Leeks

Allium ampeloprasum

Leeks are related to onions and garlic, members of the Allium family.   Alliums, besides providing a critical culinary role, also have a long "medicinal" history for humans from Native Americans, to Greeks and Egyptians,  to the Welsh, and so forth.  Perhaps they were the medicine Hippocrates was speaking of when he said let medicine be your food and your food your medicine.  They are antibacterial, performance enhancing according to early Greek Olympians, anti-cancer, anti-viral, good for your arteries and the list seems to go on and on.

Leeks are a great source of Vitamin K and A and the mineral manganese as well as plenty of phytonutrients that put the Allium family in the medicinal category.  The majority of these compounds are in the leaves, not the bulb, so be sure to include some of the leaves when you chop up your leeks.  The outer leaves (technically leaf sheaths) do tend to be tough so choose thinner leaks if you can.  Leeks should be first chopped in half lengthwise and rinsed thoroughly as they tend to collect dirt between the leaves.  Some of the tougher leaves can be used to make stock so don't discard them.  Chop as needed for your favorite recipe.  Think of leeks as refined onions - they can easily replace onions in most dishes.

 

Leek-Potato Soup or Vichysoisse

  • 2 leeks, rinsed and chopped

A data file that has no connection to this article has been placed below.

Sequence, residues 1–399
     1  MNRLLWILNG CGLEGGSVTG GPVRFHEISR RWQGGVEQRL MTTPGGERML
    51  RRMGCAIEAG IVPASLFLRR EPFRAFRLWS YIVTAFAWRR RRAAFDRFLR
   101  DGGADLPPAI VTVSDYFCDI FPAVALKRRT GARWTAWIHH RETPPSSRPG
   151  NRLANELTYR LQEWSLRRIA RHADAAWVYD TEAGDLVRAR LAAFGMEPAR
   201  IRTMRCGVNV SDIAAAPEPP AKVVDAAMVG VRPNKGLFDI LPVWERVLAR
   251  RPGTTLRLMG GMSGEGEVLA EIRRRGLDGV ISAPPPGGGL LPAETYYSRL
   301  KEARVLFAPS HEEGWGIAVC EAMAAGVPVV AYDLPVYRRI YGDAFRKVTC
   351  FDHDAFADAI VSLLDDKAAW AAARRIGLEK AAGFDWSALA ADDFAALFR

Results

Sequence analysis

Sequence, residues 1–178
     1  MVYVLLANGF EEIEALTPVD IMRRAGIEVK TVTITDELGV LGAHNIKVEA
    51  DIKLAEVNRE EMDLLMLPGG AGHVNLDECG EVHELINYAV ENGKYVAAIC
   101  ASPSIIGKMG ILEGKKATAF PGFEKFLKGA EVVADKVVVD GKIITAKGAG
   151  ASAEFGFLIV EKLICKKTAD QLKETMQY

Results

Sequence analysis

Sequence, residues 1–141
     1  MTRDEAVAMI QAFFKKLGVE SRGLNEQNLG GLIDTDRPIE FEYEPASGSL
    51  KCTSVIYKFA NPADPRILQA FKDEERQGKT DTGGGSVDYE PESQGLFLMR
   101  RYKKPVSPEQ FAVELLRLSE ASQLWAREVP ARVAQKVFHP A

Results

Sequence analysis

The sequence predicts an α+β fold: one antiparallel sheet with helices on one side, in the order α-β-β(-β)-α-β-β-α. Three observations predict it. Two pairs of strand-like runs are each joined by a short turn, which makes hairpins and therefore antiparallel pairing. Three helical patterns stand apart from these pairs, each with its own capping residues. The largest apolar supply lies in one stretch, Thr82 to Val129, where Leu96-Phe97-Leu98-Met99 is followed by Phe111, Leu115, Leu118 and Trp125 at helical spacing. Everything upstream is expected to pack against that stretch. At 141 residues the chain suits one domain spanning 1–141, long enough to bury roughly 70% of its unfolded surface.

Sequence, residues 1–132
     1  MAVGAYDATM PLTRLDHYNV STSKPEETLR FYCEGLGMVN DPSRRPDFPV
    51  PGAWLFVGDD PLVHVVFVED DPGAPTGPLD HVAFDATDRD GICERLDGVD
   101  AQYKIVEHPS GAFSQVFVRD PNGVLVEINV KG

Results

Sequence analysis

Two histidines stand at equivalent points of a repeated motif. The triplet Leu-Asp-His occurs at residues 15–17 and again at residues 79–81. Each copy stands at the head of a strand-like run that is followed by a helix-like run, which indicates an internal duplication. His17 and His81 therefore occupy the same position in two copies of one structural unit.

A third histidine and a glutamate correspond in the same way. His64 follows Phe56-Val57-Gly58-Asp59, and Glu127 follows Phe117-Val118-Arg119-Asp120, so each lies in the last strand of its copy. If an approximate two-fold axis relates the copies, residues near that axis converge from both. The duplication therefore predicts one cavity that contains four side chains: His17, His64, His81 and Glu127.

• 1 potato, diced (leftover cooked potato also works).  Best to peel.
  • chicken or vegetable stock, 1 quart (homemade is always best) 
  • milk or cream
  • salt and pepper to taste
  • nutmeg  or all spice if you want

Saute leeks and potato in a little olive oil.  Add stock and simmer until all is tender.  Blend either with immersion blender or regular blender (careful of hot liquids spurting).  Salt and pepper to taste.  Strain or sieve to have a more refined texture but you can easily skip this step (I rarely do this).  When ready to serve add milk or cream (this depends on what you have in the fridge, your culinary fickleness, and/or fat quota needed for the day) and gently reheat.  Add fresh ground all spice or nutmeg when serving.

Vichysoisse is often served cold.  I grew up on cold soup but my family now objects to it so I most often serve it warm.